They weren’t alone! I saw one guy jump off quite a high area. He was followed by a friend of his and I was ready when she jumped. A burst of shots means I can animate the jumps! I did two versions of this. One that doesn’t move the background and results in some white space moving around. The other tracks the subject. Not sure which I prefer.
It’s not like we have a ton of bad weather here but, with a forecast for a nice weekend, we decided a trip to Point Reyes would be a good plan. An early start combined with a stop for breakfast in Larkspur and we were on our way. Even the drive to Point Reyes is nice so you really feel like you are having a good day out in the prettiest of countryside. This time of year is a popular one because of the wildlife. A previous trip was one during whale migration season. The lighthouse is a good spot for watching the whales but the parking lot is not up to the task. At times like this, they close off the road and run a bus shuttle from Drake’s Bay.
This was not whale time. However, the shuttle was in operation again. This time it was because the elephant seals were on the beaches and lots of people were coming to see them. We were less bothered about going to the normal places and, instead, wanted to enjoy the shoreline. On previous trips to the lighthouse, I have looked down on the beaches to the north and thought how great they look. Not only are the picturesque but the ocean swell results in some great waves running ashore. This time it was time to see them up close.
The beaches were surprisingly quiet. There were quite a few people there but a combination of the large expanse of beach and the desire of many people to not stray too far from the parking lot meant that a short stroll got you a stretch of beach to yourself. Indeed as we walked up we were creating the first footprints in some areas. (When we left, the trails of prints had multiplied!)
Walking along the water’s edge is the easiest thing to do since the sand is firmest where it is wettest. Of course, that does require paying attention to the larger waves which occasionally run a lot further up the sand than you expect. As long as you don’t mind a little embarrassment, a quick sprint out of the way usually takes care of things!
We found a particularly quiet ridge just above the water line and sat down for a while. The waves were very soothing despite their strength and sitting on the sand, under the sun as the surf rolled in was as close to perfect as you could wish for. I have no idea how long we stayed there. It was quite a long time but I could have stayed forever. We did have to go eventually of course but it was a wonderful way to spend a day. I did shoot a little video of some of the waves just to remind myself. Here is a little of the wave action if you want to have your own beachside moment.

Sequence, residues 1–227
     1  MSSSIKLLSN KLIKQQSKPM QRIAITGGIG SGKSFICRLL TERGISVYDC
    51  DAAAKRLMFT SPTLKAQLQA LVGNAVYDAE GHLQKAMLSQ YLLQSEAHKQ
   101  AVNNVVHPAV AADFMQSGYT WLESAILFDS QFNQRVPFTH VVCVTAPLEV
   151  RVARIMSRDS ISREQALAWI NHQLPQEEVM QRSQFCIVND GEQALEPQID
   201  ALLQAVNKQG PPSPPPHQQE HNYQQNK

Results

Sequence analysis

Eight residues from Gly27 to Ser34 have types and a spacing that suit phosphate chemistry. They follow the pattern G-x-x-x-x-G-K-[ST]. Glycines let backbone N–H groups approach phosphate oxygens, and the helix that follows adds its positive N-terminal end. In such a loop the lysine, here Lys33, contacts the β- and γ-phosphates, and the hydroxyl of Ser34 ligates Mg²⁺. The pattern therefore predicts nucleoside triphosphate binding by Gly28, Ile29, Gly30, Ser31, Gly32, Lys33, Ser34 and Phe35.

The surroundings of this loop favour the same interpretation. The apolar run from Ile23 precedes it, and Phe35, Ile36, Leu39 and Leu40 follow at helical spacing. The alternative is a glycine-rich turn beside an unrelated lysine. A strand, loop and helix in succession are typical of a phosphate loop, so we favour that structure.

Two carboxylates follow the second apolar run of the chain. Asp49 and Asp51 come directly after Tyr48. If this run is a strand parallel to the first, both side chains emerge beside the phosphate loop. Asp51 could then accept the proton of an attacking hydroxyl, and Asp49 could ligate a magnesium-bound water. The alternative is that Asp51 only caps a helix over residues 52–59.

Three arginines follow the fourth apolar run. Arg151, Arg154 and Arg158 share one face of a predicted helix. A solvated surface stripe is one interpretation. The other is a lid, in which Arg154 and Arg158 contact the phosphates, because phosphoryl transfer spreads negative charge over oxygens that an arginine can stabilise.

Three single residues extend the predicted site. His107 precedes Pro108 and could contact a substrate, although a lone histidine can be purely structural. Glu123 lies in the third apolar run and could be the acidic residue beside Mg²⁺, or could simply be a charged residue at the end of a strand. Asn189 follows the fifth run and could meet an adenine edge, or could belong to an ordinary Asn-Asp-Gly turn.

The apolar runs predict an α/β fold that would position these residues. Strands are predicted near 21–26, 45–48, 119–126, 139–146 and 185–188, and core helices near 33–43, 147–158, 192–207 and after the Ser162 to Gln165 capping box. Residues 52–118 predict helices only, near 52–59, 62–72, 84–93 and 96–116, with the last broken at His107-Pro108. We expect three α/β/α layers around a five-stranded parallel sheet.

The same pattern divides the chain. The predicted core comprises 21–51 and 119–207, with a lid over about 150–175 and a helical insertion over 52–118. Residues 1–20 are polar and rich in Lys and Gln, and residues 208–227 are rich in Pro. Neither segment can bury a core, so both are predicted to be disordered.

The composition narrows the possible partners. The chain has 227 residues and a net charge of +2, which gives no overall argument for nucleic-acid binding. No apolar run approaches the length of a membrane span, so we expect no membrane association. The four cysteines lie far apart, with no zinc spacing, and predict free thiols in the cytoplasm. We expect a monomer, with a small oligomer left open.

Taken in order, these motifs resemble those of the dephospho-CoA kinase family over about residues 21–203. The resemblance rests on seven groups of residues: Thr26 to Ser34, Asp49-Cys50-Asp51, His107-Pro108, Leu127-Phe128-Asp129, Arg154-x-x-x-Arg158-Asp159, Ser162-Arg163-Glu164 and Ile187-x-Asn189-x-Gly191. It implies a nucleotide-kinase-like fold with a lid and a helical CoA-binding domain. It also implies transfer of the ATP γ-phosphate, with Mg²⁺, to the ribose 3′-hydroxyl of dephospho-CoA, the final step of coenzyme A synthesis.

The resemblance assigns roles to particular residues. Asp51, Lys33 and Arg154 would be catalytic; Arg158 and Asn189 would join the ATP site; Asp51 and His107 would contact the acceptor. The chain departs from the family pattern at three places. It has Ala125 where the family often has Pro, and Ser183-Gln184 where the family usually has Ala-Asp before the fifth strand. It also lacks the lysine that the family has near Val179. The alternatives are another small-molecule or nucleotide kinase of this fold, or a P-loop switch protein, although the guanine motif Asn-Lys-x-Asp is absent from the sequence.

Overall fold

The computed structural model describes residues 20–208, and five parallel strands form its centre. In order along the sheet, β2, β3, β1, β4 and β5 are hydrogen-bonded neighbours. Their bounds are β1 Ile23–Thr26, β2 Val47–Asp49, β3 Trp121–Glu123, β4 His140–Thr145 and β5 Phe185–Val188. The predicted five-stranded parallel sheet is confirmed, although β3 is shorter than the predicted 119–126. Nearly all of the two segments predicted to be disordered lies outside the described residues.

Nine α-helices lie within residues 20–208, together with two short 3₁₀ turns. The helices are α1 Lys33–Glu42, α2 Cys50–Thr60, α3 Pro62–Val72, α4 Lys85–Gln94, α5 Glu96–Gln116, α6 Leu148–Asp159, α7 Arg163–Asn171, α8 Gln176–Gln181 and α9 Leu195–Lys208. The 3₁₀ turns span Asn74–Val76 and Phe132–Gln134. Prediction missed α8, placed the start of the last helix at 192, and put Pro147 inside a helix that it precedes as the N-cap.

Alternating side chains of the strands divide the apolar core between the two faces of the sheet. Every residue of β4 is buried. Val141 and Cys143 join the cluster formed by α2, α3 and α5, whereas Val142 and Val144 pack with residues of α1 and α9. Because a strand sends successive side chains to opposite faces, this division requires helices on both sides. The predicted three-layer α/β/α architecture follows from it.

I am fascinated by waves. I can easily spend hours at the shore watching the waves come rolling in. They are always changing and that is, in itself, interesting to me. Another thing I love is seeing the color in the water as the wave grows and breaks. As the wave gets close to breaking, the light shines through the water as it thins creating a green color that I love. However, on the visit to Santa Cruz, there was something new to see.
There is a lot of seaweed along the shore and it floats just below the surface. As the waves roll in, the weed floats along with them. The front of the wave rises up and the weed is just below the surface. As the light starts to come through the wave, the shadow of the seaweed shows itself. Strange patterns appear. They appear to move as if they are creatures lurking just below the surface. This is the area where a lot of the surfers are and it is almost as if some sea creature is hiding from them just out of sight. Then again, I might allow my imagination to get away from me some times!
Our run up the Pacific Coast Highway included a brief stop at one of the beaches as we passed by. We had a dinner reservation in Half Moon Bay and had some time in hand so standing on the shore for a little while watching the ocean was going to fit. One of the beaches had a few people kiteboarding just offshore. There was a strong breeze so they were able to get some speed up.
There was some surf rolling in but they weren’t getting the big airs you sometime see when the boarders can combine the wind angles with the direction of the surf. Even so, they seemed to be having some fun.
Continuing my theme of return visits to take Mum to places, Fort Point was on the itinerary. Always a cool place to visit on a nice day and it benefited from the swell resulting in some great waves crashing up against the fort. Also, we saw some guys taking advantage of the swell to do some surfing alongside the fort. Very cool although they had to know what they were doing since, if you rode all the way in, a rocky wall awaited you! (This also meant that choosing your parking space was a big deal unless you wanted the car to be covered in salt water!)
Mum’s visit meant quite a few trips to places we have scoped out before. We headed to Point Bonita on one day to visit the lighthouse there. This time we knew about the timing so were there in plenty of time. I won’t repeat what I wrote about the place this time so will share the shots from this visit. The one thing that was significantly different this time was that there was a strong swell coming in from the ocean so watching the waves crash up on the shoreline was a lot of fun. I can watch the sea crash ashore for hours at a time so this was great for me!